The financial decisions you make today will affect you for the rest of your life. So what if you could get a little insight into just how those decisions might affect future you? That’s what Dan Goldstein, principal researcher with Microsoft Research, is doing. We sat down with Dan to figure out how he is helping people and companies make better decisions with the help of virtual reality technology.
Can you explain what it is you do?
I’m a principal researcher at Microsoft Research, which basically means I’m a professor. Microsoft Research is like a university without the students. So we have a lot of PhDs and a lot of former professors here that are doing basic research on interesting topics. The field I’m interested in is economic behavior and I answer questions about people’s economic behavior using techniques and tools from computer science—my academic background. In particular I have found that virtual reality has real promise for understanding and shaping people’s economic decision-making on a personal level.
You have a degree in computer science but went back to school for psychology?
Yep. I have degrees in computer science and experimental psychology.
Did computer science lead you to psychology or is that something you’ve always been interested in?
I guess I’ve always been interested in both. My father was an experimental psychologist and I kind of grew up using computers so I thought the best way to study behavior and create tools that influence behavior is to use computer technology.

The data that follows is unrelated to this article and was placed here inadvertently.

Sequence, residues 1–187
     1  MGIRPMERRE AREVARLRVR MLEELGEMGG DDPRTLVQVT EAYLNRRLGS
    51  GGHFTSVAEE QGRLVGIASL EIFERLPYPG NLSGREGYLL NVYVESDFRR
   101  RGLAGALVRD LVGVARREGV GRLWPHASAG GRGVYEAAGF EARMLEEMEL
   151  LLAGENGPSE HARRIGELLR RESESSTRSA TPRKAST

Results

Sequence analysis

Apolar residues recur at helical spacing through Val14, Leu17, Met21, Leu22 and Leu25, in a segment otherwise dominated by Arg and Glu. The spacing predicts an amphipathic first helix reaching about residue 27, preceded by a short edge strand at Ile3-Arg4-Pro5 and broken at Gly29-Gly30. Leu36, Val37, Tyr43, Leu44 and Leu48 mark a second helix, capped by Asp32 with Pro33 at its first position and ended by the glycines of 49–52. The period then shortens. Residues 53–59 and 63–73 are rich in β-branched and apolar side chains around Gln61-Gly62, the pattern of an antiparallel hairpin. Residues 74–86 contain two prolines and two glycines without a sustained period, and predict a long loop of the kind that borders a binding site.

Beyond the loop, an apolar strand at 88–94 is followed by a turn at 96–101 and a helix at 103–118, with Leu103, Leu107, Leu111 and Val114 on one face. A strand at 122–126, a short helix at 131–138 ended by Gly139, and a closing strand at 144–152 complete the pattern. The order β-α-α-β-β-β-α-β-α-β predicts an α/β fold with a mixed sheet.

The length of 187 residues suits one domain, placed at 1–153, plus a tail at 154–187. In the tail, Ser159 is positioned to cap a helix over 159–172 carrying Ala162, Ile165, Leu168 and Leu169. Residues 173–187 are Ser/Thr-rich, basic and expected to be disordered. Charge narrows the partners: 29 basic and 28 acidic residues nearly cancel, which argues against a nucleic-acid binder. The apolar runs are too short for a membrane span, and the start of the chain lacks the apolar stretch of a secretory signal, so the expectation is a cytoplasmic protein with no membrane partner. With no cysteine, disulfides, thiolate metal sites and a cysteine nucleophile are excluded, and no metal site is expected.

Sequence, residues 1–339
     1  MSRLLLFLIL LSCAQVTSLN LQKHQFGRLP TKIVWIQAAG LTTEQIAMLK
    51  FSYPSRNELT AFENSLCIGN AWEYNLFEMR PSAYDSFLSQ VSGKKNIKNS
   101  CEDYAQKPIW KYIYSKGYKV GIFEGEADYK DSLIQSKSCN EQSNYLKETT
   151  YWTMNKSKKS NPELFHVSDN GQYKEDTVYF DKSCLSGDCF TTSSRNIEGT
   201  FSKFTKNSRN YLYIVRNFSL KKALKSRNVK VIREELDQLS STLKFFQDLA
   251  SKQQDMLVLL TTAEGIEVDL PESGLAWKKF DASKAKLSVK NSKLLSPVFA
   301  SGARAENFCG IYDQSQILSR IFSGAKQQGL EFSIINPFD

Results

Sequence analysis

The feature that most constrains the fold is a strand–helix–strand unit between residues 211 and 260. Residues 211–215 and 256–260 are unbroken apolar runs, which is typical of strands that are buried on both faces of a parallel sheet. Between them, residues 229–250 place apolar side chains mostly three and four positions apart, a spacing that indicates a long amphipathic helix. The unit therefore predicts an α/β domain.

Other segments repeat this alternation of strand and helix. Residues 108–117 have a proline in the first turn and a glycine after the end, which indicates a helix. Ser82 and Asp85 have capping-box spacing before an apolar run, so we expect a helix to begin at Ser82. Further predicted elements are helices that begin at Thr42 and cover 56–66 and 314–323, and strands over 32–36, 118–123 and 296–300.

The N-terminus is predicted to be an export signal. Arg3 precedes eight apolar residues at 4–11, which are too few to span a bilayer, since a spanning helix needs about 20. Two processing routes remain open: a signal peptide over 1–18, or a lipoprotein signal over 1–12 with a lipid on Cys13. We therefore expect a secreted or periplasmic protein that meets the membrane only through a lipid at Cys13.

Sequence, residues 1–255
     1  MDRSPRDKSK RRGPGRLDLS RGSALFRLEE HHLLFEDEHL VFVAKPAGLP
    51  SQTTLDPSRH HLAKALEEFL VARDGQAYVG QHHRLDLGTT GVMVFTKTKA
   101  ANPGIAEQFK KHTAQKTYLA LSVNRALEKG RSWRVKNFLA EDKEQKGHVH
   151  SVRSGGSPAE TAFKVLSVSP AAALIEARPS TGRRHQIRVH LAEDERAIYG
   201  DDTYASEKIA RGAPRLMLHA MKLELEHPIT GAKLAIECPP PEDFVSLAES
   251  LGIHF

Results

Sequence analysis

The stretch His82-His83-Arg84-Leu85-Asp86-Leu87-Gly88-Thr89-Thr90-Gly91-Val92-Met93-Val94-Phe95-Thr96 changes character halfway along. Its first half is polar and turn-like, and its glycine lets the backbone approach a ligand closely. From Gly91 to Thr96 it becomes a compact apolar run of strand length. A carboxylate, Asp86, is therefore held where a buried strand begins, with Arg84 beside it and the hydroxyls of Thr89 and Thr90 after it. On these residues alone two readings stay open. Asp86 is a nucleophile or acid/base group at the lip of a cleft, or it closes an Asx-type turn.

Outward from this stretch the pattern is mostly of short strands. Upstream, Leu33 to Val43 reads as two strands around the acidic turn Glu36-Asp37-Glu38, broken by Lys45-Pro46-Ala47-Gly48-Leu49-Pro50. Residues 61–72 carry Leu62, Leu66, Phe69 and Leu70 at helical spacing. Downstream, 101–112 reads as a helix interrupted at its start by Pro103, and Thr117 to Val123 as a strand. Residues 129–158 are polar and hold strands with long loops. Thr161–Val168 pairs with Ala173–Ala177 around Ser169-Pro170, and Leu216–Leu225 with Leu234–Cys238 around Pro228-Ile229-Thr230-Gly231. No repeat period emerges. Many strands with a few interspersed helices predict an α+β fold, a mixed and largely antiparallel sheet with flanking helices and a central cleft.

I was surprised that virtual reality technology has applications in finance. When you started researching VR technology did you think it would have as big as an effect on you and your research?
I was thinking about saving and retirement for some time. I was working with William Sharp, who is a Nobel Laureate whom I met when I was visiting Stanford University. He put me in touch with Hal Hershfield, who’s my coauthor on the paper about using VR. He had been thinking a lot about using VR to help people think about the future and I had been creating these electronic decision calculators to help people think about their future finances. So we just put them together and thought “Oh, we could take what you’re doing and what I’m doing and put them together into a VR system to help people think about their future finances.” That’s how
it was born.
What’s neat about VR is it can take the way something is now and change it in a certain way. So, in particular, what we do is take the present and we use VR to show what the future might be like based on the present. For instance, based on how you look right now, we can use VR software to determine how you’ll look 30, 40 years in the future.
Now why this is interesting for economics is that a lot of economic decisions involve making tradeoffs between doing things now and doing things in the future. Saving is a classic example of this.You can spend money now, in which case you’re not going to have money to spend in the future, or you can save money now, in which case you will have money to spend in the future. The problem, while we know this, is it’s really hard to think about how our actions today will affect ourselves in the future.